Creating an effective call to action on your website
We are all generally aware that websites serve many purposes, from selling goods, reserving services, educating users, sharing news and much more. With the introduction of smart phones and responsive design, websites are now accessible in the palm of our hands with recent figures showing that mobile use has passed desktop usage. So what does this mean for your business? How do you make sure you have an effective website that accomplishes something and makes your day to day business life easier? What is your call to action?
What do you want to accomplish?
When I first meet with clients to discuss a new website, whether it’s a redesign or an entirely new build from scratch, I always ask the most basic question “what do you want to accomplish with your website?” From there I think about the flow of the end user and how a clear call to action is going to alter their habits.
Take a minute and think about your own internet browsing habits. For me, I’ll start with a Google search about a general topic and pick one of the top pages that shows up in the organic feed based off of the relevancy of the meta info (for now I’ll wait to touch on SEO and how that plays into reaching your end users). I’ll open several of the results in new tabs and then I begin to explore the options. Once I open a site it needs to quickly and clearly tell me about the business and what that business offers, if it fails to do so I almost immediately “bounce” or move on to the next option until I find what I am looking for.
Depending on your industry you may only have a few seconds to capture your audiences attention. Therefore you need to guide users through your website and create opportunities to educate consumers, gather data (newsletter database, etc), sell products and so on. Allow users to naturally flow through your website, an effectively placed call to action can help with this navigation.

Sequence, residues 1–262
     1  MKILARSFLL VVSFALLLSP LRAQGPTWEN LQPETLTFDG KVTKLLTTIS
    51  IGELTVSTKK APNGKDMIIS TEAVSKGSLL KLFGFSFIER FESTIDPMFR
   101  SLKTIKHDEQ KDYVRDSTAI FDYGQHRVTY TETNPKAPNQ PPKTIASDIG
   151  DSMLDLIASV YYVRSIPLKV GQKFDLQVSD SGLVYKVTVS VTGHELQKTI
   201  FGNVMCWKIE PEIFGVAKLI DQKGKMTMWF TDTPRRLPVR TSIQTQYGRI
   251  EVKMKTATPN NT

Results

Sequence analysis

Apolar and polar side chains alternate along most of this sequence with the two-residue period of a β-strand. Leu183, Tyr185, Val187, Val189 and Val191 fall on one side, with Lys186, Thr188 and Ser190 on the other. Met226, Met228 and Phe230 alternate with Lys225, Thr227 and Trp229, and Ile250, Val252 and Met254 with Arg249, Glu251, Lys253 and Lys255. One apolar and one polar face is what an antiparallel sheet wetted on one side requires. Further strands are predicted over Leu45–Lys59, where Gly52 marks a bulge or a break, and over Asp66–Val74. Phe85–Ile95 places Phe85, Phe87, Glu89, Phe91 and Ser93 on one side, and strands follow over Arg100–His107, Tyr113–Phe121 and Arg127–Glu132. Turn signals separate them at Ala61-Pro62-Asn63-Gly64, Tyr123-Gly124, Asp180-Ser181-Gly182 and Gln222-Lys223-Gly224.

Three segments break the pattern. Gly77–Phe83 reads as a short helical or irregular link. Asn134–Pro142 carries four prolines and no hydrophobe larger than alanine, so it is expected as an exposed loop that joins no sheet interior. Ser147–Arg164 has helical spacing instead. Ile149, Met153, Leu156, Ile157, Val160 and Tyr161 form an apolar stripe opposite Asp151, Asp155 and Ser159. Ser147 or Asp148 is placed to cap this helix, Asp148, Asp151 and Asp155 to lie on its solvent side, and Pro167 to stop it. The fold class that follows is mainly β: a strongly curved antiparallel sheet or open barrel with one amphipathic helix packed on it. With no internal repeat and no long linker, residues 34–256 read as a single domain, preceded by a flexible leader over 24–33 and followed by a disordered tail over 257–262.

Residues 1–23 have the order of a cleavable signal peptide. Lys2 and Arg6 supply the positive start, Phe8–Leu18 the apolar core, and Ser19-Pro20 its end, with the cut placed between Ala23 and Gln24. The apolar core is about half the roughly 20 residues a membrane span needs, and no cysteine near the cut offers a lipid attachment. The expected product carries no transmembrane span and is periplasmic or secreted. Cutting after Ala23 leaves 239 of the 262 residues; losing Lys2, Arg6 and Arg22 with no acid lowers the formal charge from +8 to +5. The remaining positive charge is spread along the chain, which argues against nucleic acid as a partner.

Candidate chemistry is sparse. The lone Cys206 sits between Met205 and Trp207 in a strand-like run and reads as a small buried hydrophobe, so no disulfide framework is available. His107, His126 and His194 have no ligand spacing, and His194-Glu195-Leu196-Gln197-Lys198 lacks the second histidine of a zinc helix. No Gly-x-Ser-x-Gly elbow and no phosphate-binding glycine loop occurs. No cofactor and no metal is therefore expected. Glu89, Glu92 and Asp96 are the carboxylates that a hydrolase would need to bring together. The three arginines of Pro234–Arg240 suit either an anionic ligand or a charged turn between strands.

Your website is a digital secretary.
Going back to the question “what do you want to accomplish with your website?” I suggest writing down a few of the things you’d like to achieve with your site. Examples could be selling products, getting users to look at a food menu, booking a rafting trip, calling to request a service consultation, etc. Whatever your business offers, add these to a list and then prioritize them. Think of your website as a digital secretary working to make your life easier.
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It’s not always sell, sell, sell.
Once you decide on a few CTA’s to use throughout your site you can begin implementing and testing them. Keep track of your conversion rates and try some A/B testing with different phrasing. You don’t want your site to have a pushy sales person feel to it and bright red bold buttons might not be effective for your site. Each call to action needs to feel natural. Users should want to click on the buttons or input their email address into forms or add products to their shopping cart. Remember that a call to action does not always mean sell, sell, sell. Think outside the box and look at other examples around the web when you start thinking about your own website and how it could be more effective for you.
Shoot me a message and lets discuss the call to action on your website; firstname.lastname@example.org
^see what I did there 😉